Elastic Security has long been open — with open source roots, open development, and the release of our SIEM in 2019. In 2020, we further embraced the openness of Elastic and released our open detection-rules repo to collaborate with our users and be transparent about how we protect customers. That repo is focused on our SIEM and Security Analytics use cases and did not yet include Elastic Endpoint Security artifacts. We continue to build on that foundation today by opening a new public repo, protections-artifacts.
In the protections-artifacts repo, you’ll find protection logic utilized by Elastic Endpoint Security to stop threats on Windows, macOS, and Linux operating systems. This includes malware behavior protection rules written in EQL as well as YARA signatures applied to both files and memory. This isn’t a subset or sampling, it’s the entire set of rules and signatures actively blocking threats. As we update these features in our product, you’ll see the changes, providing transparency into exactly how those features identify threats and behaviors to block.
A transparent approach
While sharing detection logic is becoming the status quo for SIEM vendors, that’s not true for endpoint products. We believe that should change. Endpoint Detection and Response (EDR) and Endpoint Protection Platforms (EPP) are typically a black box, with many vendors expecting users to put up with a lack of information and insight. This way of doing business does little to educate and empower users.
We look at our relationships with users as partnerships. In these relationships, transparency is a prerequisite to mutual success. The need to behave this way should be obvious and the practice universal. After all, security solutions are built to mitigate risk, and the only way a user can ensure a vendor is helping mitigate risk is for the vendor to be transparent about how they are protecting an environment. With transparency, our users can understand strengths in our product and can maximize their own efforts to close any remaining gaps that are of greatest risk to them.
We believe that being open and transparent is best for users and will improve security for everyone in the long run. We considered our decision carefully. In the spirit of transparency, we’ll share our perspective on a few perceived negatives we expect some may raise:
We might get more public criticism and scrutiny because of our transparency. This is no reason to mask how a product works, if what we really care about is empowering and protecting our users. Elastic is already openly available with thousands of people downloading and trying us out every day — including some fantastic researchers probing our product. We welcome it. We hope that most researchers collaboratively engage with us as detection gaps are discovered.
We don’t expect everyone to embrace this approach, and some may try to score some Internet points by highlighting a gap and trying to dunk on us. We invite criticism and feedback with open arms. We will keep getting better and we’ll show you how we do it.
Some may think it could be easier for attackers to bypass our product. Some may believe that if a product is closed, motivated attackers will struggle to understand how it detects and blocks threats. This is not true. Attackers are going to get the detection logic anyway, whether through dumping it from disk or memory on the endpoint or through trial and error testing against the product. Security through obscurity isn’t security! We believe in building protections that are fundamentally resilient to attacker knowledge of the logic behind any particular protection or rule. We target techniques that attackers have a hard time not utilizing, and we provide many layers of protection — so if one piece is bypassed, more protections lie behind it.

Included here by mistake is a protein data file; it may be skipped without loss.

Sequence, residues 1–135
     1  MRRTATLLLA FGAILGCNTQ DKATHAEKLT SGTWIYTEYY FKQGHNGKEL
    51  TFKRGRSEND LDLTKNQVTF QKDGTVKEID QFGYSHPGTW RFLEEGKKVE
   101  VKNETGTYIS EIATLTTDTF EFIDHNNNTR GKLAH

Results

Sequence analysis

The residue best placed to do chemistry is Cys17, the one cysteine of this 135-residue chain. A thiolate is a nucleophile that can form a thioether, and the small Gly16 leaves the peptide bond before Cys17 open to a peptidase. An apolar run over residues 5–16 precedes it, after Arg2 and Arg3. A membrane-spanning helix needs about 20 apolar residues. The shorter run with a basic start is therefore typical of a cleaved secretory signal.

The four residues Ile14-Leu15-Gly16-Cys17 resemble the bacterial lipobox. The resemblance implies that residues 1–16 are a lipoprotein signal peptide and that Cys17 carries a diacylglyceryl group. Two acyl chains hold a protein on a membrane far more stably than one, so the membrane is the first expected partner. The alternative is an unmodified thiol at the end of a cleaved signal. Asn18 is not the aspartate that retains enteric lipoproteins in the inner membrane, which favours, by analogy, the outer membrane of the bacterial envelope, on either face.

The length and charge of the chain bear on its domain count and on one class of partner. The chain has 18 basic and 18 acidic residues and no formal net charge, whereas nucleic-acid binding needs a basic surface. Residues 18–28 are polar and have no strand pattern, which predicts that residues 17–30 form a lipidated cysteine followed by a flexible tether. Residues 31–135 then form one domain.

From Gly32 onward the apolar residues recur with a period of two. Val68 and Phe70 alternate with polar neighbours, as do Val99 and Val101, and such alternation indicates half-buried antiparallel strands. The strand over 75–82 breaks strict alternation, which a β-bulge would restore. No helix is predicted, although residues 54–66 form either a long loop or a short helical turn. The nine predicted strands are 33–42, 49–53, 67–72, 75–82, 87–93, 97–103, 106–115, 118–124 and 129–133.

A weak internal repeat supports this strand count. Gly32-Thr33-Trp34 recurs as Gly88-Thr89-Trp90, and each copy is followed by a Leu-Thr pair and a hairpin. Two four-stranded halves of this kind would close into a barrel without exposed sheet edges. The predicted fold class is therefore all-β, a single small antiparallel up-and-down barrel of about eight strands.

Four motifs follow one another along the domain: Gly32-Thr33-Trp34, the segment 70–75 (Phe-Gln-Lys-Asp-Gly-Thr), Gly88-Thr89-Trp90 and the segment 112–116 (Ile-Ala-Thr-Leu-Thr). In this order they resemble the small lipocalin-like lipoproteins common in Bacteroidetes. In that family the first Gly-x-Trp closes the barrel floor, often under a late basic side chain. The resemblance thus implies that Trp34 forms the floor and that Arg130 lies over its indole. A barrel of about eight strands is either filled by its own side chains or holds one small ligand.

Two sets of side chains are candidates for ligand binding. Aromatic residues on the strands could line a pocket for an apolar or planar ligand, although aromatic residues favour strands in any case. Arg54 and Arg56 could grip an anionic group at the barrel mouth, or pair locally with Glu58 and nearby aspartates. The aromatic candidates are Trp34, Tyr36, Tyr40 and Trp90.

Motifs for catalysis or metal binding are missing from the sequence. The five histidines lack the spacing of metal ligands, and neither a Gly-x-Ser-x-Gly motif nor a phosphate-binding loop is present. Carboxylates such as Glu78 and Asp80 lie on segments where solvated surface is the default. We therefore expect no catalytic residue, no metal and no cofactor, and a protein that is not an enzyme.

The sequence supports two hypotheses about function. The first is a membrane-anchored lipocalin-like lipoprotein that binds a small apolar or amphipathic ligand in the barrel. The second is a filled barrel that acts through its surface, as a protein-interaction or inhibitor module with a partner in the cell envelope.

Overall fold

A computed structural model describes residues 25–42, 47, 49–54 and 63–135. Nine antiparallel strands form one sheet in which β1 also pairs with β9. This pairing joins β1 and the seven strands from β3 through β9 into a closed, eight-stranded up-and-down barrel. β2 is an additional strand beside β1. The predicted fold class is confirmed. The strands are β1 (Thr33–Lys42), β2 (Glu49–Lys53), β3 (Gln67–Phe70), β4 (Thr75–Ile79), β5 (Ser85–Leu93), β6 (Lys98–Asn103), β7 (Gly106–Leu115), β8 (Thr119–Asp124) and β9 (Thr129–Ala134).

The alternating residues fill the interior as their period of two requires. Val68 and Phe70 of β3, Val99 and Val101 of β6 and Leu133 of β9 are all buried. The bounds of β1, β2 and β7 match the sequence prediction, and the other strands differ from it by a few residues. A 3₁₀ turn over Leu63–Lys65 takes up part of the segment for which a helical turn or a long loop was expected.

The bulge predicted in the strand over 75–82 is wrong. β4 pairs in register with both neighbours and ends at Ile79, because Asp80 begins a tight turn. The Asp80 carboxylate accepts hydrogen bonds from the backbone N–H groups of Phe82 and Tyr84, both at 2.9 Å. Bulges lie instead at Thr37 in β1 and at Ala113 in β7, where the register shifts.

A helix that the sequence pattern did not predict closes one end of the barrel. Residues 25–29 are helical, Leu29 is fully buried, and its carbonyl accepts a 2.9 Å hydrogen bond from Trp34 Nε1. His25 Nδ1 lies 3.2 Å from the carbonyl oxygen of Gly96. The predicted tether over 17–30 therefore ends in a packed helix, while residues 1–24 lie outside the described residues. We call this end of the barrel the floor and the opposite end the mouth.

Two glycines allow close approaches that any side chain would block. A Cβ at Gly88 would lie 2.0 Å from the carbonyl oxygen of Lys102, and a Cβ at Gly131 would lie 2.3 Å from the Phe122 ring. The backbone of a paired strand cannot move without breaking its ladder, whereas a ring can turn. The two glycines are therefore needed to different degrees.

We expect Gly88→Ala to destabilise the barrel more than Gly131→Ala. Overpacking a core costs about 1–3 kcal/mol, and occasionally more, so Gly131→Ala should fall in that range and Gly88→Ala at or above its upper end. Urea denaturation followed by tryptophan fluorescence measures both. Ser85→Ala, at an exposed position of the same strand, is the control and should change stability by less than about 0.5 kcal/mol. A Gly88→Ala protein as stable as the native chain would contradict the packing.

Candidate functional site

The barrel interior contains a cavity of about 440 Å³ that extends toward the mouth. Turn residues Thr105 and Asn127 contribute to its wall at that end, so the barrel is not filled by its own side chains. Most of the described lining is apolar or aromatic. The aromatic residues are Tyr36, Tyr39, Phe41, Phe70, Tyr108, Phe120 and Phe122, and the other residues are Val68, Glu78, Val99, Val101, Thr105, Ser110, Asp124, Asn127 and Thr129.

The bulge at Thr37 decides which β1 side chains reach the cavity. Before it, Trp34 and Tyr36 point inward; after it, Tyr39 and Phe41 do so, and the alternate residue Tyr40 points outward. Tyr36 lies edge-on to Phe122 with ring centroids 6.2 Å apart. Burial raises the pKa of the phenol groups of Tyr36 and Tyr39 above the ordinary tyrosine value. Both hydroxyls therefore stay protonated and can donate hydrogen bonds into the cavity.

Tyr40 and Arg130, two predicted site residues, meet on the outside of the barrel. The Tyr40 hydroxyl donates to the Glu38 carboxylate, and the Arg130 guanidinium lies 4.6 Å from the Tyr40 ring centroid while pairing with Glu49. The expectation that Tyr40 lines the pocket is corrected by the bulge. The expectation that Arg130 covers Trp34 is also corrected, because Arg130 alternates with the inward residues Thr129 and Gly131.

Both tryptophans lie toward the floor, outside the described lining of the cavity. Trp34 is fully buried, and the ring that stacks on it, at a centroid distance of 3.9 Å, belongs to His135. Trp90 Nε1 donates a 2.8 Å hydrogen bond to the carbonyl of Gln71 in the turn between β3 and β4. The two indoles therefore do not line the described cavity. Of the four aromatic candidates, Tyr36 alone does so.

Competitors might steal our detection logic. Our goal with the open approach is to empower our users and make a meaningful improvement in security through greater transparency. This means raising all boats even if it may benefit other security vendors, some of whom might take whatever they can regardless of licensing and other restrictions while giving nothing back. We’re confident that our competitive advantage only gets stronger as we do things to help our users. It’s also not just about the detection rules. Elastic Security provides users with the best architecture to run the detection logic and block threats.
True to our open nature, we’d love your feedback: Talk to us via GitHub issues, chat with us in our community Slack, ask questions in our Discuss forums. Tell us what you need. Ask us why we made a certain choice. Even better, share detection logic with the world and help us raise the bar.
Our invitation to share detection logic goes further than just our global user base. The status quo among EPP/EDR vendors should evolve toward transparency. We know we’re first movers on this and hope others follow.
In summary, we think adding transparency to endpoint protection is the right thing for our users, so we’ve done it. We hope other vendors will follow and bring greater transparency to endpoint security. Expect to see updated YARA signatures and behavioral rules as we update Elastic Endpoint Security.
Stay tuned for more future transparency in endpoint security from Elastic Security by keeping an eye on protections-artifacts. We plan to release artifacts for additional endpoint protection features in the future. Also don’t forget to watch Elastic Security Labs for more insight into the security research we’re doing here at Elastic.
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